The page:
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comScore: Twitter not teeming with teens
First Facebook goes gray, and now Twitter is tweeting through its dentures. New figures from comScore suggest that the micro-blogging platform may be a lot more mature than it looks, and sometimes sounds.
While many (about 200 million at the last count) can appreciate the attraction of Facebook for keeping up with friends and family, and can see how that would appeal to older generations - what about Twitter? Where does the fast-moving, micro-blogging tool fit in?
I admit, I was surprised to find that Facebook isn't the only social media that is attracting mums, dad, grandparents and, quite possibly, great-grandparents - it seems Twitter's maturing quickly, too. Recent figures from comScore show that folk in the 45-54 age range are 36% more likely than average to visit Twitter and that the majority of its 10 million or so users are aged 35 or over.
Not exactly teeming with teens, is it? Why?
One reason for the rise in older Tweeters could be its increasing use within the business environment. British businesses have recently witnessed a big rise in the adoption of the micro-blogging platform, many having signed up within the last couple of months. In addition, recent figures from Nielsen found that many older users tweeted only while at work and 35% accessed Twitter from home only.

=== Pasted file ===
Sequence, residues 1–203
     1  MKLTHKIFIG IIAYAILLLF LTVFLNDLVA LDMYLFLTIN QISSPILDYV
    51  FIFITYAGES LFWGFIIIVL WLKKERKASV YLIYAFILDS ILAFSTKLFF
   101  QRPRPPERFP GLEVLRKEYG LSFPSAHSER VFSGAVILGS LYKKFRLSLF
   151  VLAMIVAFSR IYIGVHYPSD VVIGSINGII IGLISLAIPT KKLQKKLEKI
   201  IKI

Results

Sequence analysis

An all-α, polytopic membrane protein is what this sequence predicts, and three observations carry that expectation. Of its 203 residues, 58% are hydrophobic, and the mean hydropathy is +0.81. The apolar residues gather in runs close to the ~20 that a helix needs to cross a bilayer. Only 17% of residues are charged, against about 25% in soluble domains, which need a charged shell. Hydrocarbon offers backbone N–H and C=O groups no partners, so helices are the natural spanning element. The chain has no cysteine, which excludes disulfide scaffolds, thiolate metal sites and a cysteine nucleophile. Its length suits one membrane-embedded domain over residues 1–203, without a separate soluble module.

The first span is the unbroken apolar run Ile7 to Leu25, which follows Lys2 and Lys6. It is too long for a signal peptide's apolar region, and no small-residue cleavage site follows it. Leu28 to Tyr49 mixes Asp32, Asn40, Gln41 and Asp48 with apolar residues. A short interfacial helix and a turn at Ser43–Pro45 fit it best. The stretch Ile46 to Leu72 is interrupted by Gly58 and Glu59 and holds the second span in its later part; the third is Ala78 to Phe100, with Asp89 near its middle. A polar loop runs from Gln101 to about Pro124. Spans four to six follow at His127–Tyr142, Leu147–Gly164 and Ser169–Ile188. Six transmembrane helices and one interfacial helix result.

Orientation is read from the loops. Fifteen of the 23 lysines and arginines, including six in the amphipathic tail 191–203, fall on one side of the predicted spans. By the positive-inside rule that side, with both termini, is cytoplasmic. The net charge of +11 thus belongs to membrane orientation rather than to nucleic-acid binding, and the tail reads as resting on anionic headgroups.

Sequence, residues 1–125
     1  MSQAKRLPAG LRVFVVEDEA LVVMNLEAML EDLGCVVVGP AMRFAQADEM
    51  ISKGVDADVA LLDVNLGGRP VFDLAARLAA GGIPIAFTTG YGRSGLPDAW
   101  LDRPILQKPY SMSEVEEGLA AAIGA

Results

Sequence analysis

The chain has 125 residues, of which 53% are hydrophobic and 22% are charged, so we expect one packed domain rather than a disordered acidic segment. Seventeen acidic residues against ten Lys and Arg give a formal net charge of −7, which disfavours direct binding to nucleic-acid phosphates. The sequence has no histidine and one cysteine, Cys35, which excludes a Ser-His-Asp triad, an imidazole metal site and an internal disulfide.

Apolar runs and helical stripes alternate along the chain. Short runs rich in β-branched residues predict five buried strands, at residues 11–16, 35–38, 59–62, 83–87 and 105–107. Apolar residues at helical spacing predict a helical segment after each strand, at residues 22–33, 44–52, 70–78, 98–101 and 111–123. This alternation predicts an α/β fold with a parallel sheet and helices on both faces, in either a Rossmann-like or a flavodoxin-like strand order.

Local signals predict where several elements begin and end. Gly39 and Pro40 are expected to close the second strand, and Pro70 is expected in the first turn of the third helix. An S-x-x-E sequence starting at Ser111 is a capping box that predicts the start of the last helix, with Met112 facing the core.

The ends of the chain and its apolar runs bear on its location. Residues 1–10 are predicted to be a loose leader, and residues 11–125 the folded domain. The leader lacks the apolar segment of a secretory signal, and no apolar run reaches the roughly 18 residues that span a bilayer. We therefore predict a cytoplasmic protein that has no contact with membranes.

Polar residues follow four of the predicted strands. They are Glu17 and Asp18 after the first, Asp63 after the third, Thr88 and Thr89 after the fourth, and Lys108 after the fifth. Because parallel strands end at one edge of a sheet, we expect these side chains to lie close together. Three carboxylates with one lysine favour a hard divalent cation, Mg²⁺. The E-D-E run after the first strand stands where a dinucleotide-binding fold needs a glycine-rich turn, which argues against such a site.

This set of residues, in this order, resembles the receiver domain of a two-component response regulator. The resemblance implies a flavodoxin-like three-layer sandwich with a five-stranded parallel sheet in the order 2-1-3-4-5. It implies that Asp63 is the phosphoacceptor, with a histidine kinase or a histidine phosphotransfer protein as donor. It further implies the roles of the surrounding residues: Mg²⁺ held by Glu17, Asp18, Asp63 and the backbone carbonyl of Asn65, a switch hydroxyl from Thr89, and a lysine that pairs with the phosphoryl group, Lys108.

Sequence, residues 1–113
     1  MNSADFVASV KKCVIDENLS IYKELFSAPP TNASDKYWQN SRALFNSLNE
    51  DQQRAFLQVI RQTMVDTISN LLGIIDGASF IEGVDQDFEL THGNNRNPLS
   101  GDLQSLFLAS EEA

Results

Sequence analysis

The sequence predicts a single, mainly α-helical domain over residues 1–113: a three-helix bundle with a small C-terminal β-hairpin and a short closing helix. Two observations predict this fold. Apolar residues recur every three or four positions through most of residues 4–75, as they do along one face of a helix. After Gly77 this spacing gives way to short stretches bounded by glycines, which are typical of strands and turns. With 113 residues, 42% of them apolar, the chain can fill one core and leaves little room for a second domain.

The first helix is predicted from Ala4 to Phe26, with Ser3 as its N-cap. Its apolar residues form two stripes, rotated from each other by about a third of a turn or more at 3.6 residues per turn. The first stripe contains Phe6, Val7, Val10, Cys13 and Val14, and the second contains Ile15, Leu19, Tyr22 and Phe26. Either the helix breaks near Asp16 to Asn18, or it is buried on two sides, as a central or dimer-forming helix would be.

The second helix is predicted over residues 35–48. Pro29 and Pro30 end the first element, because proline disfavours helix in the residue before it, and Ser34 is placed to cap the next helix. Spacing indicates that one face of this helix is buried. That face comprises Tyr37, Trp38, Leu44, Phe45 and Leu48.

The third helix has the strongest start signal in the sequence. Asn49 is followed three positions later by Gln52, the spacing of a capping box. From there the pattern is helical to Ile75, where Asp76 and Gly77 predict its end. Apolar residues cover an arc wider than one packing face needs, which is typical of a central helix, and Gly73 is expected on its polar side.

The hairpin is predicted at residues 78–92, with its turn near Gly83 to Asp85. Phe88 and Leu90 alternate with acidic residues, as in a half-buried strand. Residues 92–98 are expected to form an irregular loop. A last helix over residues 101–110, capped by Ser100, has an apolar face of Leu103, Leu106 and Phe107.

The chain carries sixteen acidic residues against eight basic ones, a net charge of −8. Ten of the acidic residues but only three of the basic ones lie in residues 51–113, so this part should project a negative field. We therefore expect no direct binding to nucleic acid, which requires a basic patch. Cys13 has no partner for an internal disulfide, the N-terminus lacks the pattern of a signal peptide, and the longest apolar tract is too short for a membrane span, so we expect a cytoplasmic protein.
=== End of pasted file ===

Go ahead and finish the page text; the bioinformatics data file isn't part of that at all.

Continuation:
Of course, it could be that what we're seeing from the graying of social media is that early adoption of new technology isn't always limited to youngsters. After all, any 50 year old nowadays will have been using the Internet since the age of 35 and has, most likely, integrated it into their daily lives both at work and at leisure.
Are we seeing the death of the age-based early adopter demographic? Societrends' Nick Barron believes so. "We're seeing the destruction of the early adopter demographic, or at least the shifting of it from a group defined by age to a group defined by education and professional status," he recently wrote on his blog.
comScore's Sarah Radwanick agrees. "Not only teenagers and college students can be counted among the "technologically inclined," which means that trends are much more prone to take off in older age segments than they used to," she wrote on the comScore blog announcement. "And with those age 25 and older representing a much bigger segment of the population than the under 25 crowd, it might help explain why Twitter has expanded its reach so broadly so quickly over the past few months."
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